Haha, yeah I know it's been 9 months since my last blog post! While I've kept quite busy with fun and exciting things with Catalyst, a part of me still misses blogging - to process my thoughts on what ever it is I'm thinking about. I wish I had the time to do it more!
I decided to write today because I've been reading about recent and yet long overdue attempts to repeal the ban on "Don't Ask, Don't Tell" and I had some initial reactions. In a nutshell, I've gathered that opponents to the repeal are concerned about how the ban would effect military life and readiness.
Who do you think we are? Do gay people cause such sexual chaos that without any formal regulations, we would be free to f*ck anything and everything that moves? If you remove the leash, we'll be like dogs? Even in battle? Even when there is an important job to do?
Consider how offensive that "concern" is. At the very core, "Don't Ask, Don't Tell" is not about protecting good order. It is more about preserving prejudice than correcting injustice. The "concern" reveals that they would rather assume that gay people are sexual deviants instead of assuming that our military men and women already are people of order and discipline - whether gay or straight.
It is the ban that jeopardizes good order and discipline because it perpetuates an unhealthy, unrealistic, and unfounded fear in its own people. It creates the doubt.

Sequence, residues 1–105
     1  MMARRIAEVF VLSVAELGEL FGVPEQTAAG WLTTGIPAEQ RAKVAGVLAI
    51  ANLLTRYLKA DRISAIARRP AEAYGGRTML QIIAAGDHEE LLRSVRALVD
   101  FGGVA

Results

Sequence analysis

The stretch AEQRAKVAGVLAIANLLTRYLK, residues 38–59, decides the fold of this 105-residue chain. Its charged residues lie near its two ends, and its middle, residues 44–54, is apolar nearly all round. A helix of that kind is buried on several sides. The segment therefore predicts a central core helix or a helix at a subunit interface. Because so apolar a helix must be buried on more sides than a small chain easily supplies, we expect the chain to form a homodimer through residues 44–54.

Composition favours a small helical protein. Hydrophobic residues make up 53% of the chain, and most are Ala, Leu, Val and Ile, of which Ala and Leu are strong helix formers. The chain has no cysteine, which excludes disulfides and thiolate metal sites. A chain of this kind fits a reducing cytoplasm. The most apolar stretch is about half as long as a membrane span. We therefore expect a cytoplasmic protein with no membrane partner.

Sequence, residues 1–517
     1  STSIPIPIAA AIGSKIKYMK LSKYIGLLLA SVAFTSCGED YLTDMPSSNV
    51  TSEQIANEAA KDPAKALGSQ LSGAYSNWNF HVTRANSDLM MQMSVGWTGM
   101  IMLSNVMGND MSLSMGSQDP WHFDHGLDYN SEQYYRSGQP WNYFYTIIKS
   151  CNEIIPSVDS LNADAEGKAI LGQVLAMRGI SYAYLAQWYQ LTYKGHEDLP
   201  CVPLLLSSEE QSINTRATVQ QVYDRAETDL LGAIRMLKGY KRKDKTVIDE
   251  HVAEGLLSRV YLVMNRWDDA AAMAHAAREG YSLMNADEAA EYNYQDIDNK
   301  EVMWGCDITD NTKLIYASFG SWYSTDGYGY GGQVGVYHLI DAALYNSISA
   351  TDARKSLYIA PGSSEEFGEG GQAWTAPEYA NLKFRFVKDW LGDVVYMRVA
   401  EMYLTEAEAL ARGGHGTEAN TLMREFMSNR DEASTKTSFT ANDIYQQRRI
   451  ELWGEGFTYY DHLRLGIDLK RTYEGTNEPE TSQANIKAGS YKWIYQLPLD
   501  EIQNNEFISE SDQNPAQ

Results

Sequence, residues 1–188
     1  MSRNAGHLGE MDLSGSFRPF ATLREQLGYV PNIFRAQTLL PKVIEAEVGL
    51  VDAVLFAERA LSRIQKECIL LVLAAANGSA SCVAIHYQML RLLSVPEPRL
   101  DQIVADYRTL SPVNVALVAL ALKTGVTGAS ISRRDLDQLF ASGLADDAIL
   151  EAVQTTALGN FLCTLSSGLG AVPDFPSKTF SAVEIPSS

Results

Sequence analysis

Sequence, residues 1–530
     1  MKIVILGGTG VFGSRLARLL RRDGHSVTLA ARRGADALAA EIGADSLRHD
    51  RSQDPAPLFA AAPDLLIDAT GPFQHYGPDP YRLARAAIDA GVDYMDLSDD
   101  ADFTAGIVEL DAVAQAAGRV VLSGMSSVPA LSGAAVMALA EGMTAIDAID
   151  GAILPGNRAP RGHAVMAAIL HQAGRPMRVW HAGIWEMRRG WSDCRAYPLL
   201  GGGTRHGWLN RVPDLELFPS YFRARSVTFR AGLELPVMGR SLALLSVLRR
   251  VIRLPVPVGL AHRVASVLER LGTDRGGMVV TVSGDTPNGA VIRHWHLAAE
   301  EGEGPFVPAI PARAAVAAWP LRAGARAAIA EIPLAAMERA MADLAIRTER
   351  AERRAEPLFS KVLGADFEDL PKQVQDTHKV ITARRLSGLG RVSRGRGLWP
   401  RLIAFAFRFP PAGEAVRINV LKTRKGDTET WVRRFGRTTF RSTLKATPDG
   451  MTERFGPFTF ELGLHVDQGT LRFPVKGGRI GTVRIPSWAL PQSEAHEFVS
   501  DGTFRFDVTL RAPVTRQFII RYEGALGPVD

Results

Gay people don't make military weaker. We make it stronger. Gay people don't make the Church less holy. We make it more faithful and graceful. Gay people don't diminish society. We catalyze it.
The fear and concern about how our presence will effect others is counterproductive. Because all of those fears and concerns happen with straight people - and perhaps even more.
Do straight men and women serving in the same unit jeopardize military life and readiness?
The fact is that gay men and women are often leaders. Many of us strive towards excellence. We are good at what we do. My theory is that since growing up in the closet can sometimes make us feel inadequate and unacknowledged and that being gay is not in our control, many of us compensate (perhaps even over-compensate) by working even harder than others to achieve things because that is in our control. We can't choose to be gay. But we can choose what we do - to succeed, to excel, to be fabulous!
Either way, we need gay people to be gay people because the experience of being gay and (for many of us) growing up in the closet makes us thoughtful, innovative, creative, and empathetic leaders in our society.
People should be proud to have us among their corps.